The vertical rock columns of Mount Roland loom large over the historic north-west Tasmanian town of Sheffield.
- There is a proposal for a 13-cabin gondola cableway on Mount Roland in north-west Tasmania
- The Aboriginal community is opposed to the proposal and considers the mountain to be sacred
- Some business owners hope the proposal could boost the region’s tourism, which has felt the impact of ongoing border closures
The small town draws tourists from the Spirit of Tasmania to see its colourful murals.
For visitors, a horse and cart in place of white utilities would seem fitting in the wide main street littered with historic buildings.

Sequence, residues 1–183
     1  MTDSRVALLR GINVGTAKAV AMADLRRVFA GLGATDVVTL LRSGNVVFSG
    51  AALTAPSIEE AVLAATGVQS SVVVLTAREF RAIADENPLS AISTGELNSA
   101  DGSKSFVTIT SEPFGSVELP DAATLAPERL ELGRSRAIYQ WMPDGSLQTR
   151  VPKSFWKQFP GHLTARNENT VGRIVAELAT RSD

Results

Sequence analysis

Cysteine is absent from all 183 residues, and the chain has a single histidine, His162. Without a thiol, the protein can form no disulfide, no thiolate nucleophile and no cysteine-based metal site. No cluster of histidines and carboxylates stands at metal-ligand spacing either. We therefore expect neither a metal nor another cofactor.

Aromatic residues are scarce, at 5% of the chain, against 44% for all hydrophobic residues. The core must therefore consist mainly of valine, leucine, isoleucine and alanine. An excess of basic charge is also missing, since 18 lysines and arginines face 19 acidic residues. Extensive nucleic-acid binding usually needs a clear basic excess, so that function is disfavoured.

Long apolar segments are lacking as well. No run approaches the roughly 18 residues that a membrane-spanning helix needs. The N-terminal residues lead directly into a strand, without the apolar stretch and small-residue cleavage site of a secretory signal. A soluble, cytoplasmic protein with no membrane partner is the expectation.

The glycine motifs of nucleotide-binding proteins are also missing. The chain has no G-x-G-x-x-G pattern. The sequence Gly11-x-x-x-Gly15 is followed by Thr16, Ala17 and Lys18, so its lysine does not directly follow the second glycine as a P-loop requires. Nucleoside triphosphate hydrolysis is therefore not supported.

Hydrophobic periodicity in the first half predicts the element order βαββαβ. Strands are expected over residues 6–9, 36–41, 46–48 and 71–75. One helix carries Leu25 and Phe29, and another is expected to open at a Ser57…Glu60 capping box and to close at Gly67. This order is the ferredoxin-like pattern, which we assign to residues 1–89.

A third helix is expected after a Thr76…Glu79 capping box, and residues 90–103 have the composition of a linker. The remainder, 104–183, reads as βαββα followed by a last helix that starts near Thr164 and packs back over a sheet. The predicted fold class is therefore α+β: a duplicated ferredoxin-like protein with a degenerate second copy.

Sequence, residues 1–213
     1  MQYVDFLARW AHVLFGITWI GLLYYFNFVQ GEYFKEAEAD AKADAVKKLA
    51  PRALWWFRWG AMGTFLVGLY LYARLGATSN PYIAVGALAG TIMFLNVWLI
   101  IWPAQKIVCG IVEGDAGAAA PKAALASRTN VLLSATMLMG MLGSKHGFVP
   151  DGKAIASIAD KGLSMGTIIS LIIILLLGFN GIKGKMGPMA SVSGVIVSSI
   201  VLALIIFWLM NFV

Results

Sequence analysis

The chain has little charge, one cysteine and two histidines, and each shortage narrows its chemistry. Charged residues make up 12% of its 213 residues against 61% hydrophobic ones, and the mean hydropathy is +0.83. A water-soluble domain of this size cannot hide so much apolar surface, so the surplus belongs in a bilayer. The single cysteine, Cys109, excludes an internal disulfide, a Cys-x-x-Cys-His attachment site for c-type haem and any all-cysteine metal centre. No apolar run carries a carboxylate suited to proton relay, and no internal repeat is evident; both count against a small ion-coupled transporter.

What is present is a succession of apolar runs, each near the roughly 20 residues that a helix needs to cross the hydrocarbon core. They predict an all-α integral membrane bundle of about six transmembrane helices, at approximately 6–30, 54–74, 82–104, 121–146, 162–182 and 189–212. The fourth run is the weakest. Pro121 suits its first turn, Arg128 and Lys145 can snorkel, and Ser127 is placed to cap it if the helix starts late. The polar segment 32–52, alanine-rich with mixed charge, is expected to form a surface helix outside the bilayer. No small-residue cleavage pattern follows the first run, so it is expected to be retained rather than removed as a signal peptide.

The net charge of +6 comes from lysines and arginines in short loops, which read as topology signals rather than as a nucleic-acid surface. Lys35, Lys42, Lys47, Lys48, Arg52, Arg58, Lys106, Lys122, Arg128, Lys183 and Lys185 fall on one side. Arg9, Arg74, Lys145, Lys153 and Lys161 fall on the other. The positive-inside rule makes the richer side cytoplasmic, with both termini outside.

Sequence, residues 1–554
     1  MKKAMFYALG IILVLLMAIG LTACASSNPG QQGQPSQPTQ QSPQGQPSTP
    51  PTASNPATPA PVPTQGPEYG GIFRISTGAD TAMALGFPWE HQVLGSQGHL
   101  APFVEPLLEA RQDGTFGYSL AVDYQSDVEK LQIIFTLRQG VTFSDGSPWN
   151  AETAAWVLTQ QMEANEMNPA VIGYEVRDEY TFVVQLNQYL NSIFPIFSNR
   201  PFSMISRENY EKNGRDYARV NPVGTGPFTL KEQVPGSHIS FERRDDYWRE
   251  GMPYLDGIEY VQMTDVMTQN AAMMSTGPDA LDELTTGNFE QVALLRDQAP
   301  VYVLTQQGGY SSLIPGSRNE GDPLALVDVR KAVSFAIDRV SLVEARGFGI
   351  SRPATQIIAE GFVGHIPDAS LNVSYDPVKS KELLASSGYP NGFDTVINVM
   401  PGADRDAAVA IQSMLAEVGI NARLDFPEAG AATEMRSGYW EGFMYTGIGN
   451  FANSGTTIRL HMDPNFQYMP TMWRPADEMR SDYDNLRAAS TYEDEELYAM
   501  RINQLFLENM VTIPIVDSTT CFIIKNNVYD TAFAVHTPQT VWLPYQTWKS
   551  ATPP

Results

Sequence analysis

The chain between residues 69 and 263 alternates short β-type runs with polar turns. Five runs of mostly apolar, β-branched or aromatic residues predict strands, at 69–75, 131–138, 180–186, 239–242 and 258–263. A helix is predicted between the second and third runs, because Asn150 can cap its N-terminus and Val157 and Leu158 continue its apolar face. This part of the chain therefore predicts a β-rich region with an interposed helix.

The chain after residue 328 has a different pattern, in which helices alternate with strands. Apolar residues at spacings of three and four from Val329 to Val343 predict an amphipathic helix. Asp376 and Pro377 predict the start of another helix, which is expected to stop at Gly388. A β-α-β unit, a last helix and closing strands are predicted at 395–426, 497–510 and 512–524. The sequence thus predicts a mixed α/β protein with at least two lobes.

Some shops have been run by the same family for five generations.
But as the COVID-19 pandemic slows visitation to the town, there are those looking for new ways to get people pulling up for scones and tea — and they all rest on Mount Roland.
Business owner Des Brown has been waiting to see a cableway up the mountain for 22 years, and is hopeful it might finally come to fruition.
“I think there are more people now seeing that it would be a good goer,” he said.
“We’ve demonstrated right across the world that you can do these things sensibly and sustainably.”
A proposal for a 13-cabin gondola cableway on Mount Roland and an adventure precinct is listed on the state government’s controversial expression of interest list for developments in Tasmania’s parks and reserves.
The cableway would take people directly to the summit of the mountain, where they could engage in “mountain-based activities”, the proposal says.